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The Prius Prime Advanced has standard Safety Connect™, which uses a global positioning satellite (GPS) receiver and a cellular system to help track down your vehicle if it’s stolen or send emergency personnel to the scene if any airbags deploy. The Leaf doesn’t offer a GPS response system, only a navigation computer with no live response for emergencies, so if you’re involved in an accident and you’re incapacitated help may not come as quickly.
Both the Prius Prime and the Leaf have standard driver and passenger frontal airbags, front side-impact airbags, side-impact head airbags, front seatbelt pretensioners, front wheel drive, height adjustable front shoulder belts, four-wheel antilock brakes, traction control, electronic stability systems to prevent skidding, crash mitigating brakes, rearview cameras, available blind spot warning systems, rear parking sensors and rear cross-path warning.
For its top level performance in all IIHS frontal, side, rear impact and roof-crush tests, with its optional front crash prevention system, and its headlight’s “Acceptable” rating, the Insurance Institute for Highway Safety grants the Prius Prime the rating of “Top Pick” for 2018, a rating granted to only 100 vehicles tested by the IIHS. The Leaf has not been tested, yet.
Toyota pays for scheduled maintenance on the Prius Prime for 2 years and 25000 miles. Toyota will pay for oil changes, lubrication and any other required maintenance. Nissan doesn’t pay scheduled maintenance for the Leaf.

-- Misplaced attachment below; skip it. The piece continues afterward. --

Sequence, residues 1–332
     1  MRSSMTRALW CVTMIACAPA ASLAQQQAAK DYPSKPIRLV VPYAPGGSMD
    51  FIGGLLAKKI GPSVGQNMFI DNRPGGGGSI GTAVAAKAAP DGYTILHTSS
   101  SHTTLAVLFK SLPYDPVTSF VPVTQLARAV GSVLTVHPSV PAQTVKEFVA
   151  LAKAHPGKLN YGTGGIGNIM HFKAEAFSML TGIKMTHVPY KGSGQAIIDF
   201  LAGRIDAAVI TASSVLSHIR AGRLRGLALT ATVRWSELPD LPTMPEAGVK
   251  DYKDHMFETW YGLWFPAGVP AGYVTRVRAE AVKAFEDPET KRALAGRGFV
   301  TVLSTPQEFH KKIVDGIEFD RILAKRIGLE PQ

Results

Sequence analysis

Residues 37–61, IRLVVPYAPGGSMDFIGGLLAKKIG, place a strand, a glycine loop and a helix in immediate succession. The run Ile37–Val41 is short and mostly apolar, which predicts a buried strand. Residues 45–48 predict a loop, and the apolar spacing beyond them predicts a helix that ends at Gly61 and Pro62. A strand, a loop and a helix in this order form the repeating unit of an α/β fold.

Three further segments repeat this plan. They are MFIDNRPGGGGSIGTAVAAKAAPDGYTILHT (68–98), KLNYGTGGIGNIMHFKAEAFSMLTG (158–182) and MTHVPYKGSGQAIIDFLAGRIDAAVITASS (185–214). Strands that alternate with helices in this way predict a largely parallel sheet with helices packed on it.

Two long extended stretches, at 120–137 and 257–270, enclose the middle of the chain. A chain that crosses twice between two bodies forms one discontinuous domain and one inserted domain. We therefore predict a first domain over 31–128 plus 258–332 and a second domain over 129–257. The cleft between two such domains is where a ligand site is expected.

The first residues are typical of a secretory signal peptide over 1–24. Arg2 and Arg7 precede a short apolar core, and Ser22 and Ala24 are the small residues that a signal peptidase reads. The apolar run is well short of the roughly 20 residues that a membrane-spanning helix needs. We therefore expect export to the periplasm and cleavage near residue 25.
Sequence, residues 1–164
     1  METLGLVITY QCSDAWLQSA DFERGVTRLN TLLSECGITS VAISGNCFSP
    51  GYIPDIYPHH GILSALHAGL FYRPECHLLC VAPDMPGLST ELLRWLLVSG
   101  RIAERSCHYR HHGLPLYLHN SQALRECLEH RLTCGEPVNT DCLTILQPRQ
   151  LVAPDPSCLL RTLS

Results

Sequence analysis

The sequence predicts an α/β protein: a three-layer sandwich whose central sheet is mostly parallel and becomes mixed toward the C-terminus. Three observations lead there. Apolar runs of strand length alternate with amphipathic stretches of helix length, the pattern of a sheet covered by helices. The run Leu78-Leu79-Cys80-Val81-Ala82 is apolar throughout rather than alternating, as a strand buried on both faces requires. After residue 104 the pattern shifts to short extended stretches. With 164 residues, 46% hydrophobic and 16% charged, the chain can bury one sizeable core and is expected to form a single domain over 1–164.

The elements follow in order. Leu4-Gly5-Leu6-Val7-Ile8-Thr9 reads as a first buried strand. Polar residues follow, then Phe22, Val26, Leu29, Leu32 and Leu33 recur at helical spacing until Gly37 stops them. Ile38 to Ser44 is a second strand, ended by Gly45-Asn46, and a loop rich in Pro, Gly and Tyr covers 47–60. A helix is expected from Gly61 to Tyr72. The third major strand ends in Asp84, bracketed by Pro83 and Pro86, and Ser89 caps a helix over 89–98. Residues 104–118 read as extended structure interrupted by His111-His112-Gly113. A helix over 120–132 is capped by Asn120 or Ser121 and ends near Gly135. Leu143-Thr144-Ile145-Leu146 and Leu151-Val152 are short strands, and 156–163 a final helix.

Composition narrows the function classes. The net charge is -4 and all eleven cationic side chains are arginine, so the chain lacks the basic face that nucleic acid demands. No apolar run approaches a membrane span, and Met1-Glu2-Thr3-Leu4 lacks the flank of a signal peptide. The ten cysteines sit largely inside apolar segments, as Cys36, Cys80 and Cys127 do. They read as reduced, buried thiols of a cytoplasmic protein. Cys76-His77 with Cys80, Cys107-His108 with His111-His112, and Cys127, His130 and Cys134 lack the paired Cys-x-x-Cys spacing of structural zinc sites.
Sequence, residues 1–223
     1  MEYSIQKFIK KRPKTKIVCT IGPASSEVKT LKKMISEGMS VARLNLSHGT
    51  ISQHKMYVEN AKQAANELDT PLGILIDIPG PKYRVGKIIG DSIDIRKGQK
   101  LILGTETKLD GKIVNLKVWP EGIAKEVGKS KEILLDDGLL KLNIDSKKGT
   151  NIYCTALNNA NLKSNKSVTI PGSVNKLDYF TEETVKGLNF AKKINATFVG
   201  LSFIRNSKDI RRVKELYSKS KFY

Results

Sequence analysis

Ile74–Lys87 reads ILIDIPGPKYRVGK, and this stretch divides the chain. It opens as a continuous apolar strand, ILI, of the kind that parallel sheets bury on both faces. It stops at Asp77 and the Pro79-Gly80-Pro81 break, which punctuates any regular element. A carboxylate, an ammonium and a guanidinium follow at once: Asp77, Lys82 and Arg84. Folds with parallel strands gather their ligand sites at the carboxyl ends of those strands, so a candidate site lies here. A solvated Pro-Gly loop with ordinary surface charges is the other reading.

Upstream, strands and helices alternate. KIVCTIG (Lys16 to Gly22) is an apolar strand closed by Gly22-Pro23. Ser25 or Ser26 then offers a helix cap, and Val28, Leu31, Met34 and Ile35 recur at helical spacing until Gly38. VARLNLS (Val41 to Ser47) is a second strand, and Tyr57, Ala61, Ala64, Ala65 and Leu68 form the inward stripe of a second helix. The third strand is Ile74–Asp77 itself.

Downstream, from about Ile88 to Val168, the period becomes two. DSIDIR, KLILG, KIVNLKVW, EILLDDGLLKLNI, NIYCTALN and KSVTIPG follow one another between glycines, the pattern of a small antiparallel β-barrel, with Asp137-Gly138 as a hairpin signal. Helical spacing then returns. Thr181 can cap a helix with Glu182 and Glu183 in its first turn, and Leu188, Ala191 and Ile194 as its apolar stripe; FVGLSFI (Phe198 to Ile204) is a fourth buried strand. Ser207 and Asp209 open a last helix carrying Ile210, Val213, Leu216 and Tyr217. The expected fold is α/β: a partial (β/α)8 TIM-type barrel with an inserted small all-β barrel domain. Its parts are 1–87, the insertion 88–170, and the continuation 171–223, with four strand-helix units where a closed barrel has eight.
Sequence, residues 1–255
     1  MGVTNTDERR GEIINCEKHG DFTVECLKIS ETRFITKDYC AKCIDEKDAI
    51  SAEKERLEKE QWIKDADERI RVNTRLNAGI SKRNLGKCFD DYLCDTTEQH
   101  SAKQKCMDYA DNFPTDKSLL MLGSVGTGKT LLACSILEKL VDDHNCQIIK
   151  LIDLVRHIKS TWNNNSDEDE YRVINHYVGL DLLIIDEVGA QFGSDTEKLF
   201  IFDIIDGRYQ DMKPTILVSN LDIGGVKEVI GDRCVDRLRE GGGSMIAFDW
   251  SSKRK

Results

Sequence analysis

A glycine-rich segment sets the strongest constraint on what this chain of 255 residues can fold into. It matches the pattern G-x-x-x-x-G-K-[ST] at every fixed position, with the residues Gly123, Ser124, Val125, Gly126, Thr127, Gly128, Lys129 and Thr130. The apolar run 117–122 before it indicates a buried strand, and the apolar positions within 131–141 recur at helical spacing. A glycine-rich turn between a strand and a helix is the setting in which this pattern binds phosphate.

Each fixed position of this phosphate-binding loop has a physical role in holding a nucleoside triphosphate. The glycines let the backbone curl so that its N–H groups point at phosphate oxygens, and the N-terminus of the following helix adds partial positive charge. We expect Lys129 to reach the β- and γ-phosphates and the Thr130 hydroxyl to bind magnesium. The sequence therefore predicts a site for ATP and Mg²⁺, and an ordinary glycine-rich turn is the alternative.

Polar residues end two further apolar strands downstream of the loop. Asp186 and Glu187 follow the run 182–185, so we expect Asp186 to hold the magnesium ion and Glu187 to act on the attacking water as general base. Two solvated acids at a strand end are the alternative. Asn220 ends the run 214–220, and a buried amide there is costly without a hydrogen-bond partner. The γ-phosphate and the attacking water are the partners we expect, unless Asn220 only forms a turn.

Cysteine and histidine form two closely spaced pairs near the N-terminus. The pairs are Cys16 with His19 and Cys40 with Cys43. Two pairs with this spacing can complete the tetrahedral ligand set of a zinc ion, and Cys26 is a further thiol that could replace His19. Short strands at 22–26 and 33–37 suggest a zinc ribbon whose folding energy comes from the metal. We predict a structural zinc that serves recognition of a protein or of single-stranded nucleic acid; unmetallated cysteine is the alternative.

There are over 13 percent more Toyota dealers than there are Nissan dealers, which makes it easier should you ever need service under the Prius Prime’s warranty.
A reliable vehicle saves its owner time, money and trouble. Nobody wants to be stranded or have to be without a vehicle while it’s being repaired. Consumer Reports rates the Prius Prime’s reliability 22 points higher than the Leaf.
J.D. Power and Associates’ 2018 survey of the owners of three-year-old vehicles provides the long-term dependability statistics that show that Toyota vehicles are more reliable than Nissan vehicles. J.D. Power ranks Toyota 8th in reliability, above the industry average. With 6 more problems per 100 vehicles, Nissan is ranked 10th.
From surveys of all its subscribers, Consumer Reports’ December 2018 Auto Issue reports that Toyota vehicles are more reliable than Nissan vehicles. Consumer Reports ranks Toyota second in reliability. Nissan is ranked 14th.
On the EPA test cycle the Prius Prime running on electricity gets better fuel mileage than the Leaf (145 city/121 hwy vs. 124 city/99 hwy MPGe).
The Prius Prime’s maximum EPA estimated driving range on a full tank of fuel and a full charge is 652 miles, after which it can be refueled at any gas station in minutes. The Leaf’s range is only 151 miles, after which the minimum recharge time is 40 minutes for only an 80% charge at a specially configured quick charge station not available in most areas. A full recharge at a conventional charging station can take up to 35 hours.
The Prius Prime stops shorter than the Leaf:
70 to 0 MPH
Car and Driver
60 to 0 MPH
For superior ride and handling, the Toyota Prius Prime has fully independent front and rear suspensions. An independent suspension allows the wheels to follow the road at the best angle for gripping the pavement, without compromising ride comfort. The Nissan Leaf has a rear torsion beam axle, with a semi-independent rear suspension.
The Prius Prime Plus handles at .79 G’s, while the Leaf SL pulls only .76 G’s of cornering force in a Motor Trend skidpad test.
For better maneuverability, the Prius Prime’s turning circle is 1.4 feet tighter than the Leaf S’ (33.4 feet vs. 34.8 feet). The Prius Prime’s turning circle is 2.7 feet tighter than the Leaf SV/SL’s (33.4 feet vs. 36.1 feet).